Directrice de recherche de l’unité Inserm 951 “Approches génétiques intégrées et nouvelles thérapies pour les maladies rares”
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Hemophilia is a serious hereditary disease that prevents the blood from clotting. This means that, in the event of a wound, bleeding doesn’t stop or is extremely difficult to stop.
There are two types of hemophilia:
– Hemophilia A, the more common form, is linked to a deficiency in clotting factor VIII
– Hemophilia B, occurring more rarely, is linked to a deficiency in clotting factor IX
Two clinical studies recently published in The New England Journal of Medicine show that it is now possible to cure both hemophilia A and hemophilia B through gene therapy. A one-hour transfusion of a rescue gene that codes for the faulty clotting factor was enough to cure patients suffering from the disease. This is a breakthrough in treating the disease, and it is also one step further for gene therapy, which is being used more and more often in clinical trials.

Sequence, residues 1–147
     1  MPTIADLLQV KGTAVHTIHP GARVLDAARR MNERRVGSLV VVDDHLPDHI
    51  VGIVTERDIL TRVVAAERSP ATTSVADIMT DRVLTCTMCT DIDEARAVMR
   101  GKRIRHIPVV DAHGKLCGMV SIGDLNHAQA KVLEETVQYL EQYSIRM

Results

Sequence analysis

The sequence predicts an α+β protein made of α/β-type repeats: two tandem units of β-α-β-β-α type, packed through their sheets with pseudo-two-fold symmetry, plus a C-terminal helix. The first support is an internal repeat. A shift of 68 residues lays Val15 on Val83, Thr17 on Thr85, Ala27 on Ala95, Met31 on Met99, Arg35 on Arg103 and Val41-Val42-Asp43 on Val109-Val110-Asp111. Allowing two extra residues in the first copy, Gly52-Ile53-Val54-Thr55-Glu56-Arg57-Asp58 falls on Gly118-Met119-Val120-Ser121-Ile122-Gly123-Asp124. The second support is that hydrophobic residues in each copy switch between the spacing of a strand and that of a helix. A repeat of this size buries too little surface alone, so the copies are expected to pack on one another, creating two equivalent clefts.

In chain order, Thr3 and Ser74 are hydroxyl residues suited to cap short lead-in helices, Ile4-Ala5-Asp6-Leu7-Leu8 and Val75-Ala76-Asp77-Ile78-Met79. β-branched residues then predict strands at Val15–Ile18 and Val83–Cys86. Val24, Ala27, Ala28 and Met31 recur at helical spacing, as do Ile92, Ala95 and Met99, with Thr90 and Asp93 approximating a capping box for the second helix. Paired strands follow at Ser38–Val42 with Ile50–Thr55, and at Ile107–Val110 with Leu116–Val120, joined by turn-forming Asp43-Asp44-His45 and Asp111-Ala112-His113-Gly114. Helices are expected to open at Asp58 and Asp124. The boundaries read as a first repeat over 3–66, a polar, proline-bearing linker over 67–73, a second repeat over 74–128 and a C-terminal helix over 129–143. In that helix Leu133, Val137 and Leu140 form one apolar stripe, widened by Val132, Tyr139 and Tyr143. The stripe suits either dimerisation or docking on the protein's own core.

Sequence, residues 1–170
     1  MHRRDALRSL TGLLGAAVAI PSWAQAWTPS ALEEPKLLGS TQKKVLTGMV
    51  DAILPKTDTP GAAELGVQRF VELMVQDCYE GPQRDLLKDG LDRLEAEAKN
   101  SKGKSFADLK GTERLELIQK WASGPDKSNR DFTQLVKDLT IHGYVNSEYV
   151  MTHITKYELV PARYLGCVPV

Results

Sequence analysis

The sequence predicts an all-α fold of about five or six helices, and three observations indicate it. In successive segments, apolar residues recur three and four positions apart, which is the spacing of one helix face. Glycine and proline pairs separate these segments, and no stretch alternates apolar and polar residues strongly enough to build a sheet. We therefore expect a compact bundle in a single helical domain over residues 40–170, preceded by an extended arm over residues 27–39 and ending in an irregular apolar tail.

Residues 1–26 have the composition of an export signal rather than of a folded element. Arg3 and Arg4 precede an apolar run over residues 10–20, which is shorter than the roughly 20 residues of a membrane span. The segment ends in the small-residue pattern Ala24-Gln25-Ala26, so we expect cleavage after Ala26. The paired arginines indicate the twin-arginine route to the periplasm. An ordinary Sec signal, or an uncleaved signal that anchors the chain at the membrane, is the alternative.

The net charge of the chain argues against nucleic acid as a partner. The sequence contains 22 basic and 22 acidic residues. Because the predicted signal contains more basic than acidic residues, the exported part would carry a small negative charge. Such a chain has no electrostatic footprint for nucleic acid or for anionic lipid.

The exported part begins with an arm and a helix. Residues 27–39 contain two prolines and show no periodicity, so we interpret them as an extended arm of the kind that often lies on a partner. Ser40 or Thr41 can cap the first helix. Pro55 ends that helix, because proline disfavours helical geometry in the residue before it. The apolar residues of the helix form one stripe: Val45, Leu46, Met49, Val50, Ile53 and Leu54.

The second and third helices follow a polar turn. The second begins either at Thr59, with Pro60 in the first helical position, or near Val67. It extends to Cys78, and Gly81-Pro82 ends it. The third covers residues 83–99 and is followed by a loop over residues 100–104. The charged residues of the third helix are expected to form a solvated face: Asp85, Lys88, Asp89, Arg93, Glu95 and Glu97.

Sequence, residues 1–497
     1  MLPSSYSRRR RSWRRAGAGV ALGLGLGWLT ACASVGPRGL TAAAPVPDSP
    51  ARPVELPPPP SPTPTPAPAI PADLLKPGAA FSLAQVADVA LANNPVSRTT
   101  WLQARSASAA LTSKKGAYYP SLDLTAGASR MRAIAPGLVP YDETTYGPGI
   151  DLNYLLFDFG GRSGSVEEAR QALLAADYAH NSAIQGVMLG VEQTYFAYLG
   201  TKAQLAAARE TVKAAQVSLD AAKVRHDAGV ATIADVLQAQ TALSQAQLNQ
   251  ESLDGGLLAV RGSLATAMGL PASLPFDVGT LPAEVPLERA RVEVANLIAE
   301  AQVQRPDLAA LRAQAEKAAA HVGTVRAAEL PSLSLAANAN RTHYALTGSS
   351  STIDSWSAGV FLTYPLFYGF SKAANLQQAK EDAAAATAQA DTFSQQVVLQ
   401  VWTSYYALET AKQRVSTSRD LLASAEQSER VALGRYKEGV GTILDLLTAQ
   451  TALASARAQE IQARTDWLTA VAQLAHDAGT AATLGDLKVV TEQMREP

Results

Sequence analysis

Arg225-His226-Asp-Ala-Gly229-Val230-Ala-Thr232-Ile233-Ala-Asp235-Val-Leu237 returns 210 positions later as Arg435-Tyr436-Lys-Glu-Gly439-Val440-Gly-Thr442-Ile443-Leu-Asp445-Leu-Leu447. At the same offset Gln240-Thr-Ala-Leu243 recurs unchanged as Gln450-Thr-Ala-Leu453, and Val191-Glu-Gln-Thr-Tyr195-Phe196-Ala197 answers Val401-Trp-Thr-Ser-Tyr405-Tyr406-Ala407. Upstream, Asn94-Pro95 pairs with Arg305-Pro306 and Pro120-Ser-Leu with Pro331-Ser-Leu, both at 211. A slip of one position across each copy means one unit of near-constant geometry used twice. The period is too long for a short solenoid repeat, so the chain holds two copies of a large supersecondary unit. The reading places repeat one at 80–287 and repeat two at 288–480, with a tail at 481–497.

Multiple myeloma is a cancer of the bone marrow, with a life expectancy of less than 5 years post-diagnosis. While studying a neglected tropical disease, Buruli ulcer, researchers from....